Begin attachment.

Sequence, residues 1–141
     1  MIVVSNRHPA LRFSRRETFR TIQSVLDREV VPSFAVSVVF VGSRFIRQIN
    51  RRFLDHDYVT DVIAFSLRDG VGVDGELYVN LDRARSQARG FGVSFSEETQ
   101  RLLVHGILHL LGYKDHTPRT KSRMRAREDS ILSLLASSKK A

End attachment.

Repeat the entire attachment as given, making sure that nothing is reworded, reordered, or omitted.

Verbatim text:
Sequence, residues 1–141
     1  MIVVSNRHPA LRFSRRETFR TIQSVLDREV VPSFAVSVVF VGSRFIRQIN
    51  RRFLDHDYVT DVIAFSLRDG VGVDGELYVN LDRARSQARG FGVSFSEETQ
   101  RLLVHGILHL LGYKDHTPRT KSRMRAREDS ILSLLASSKK A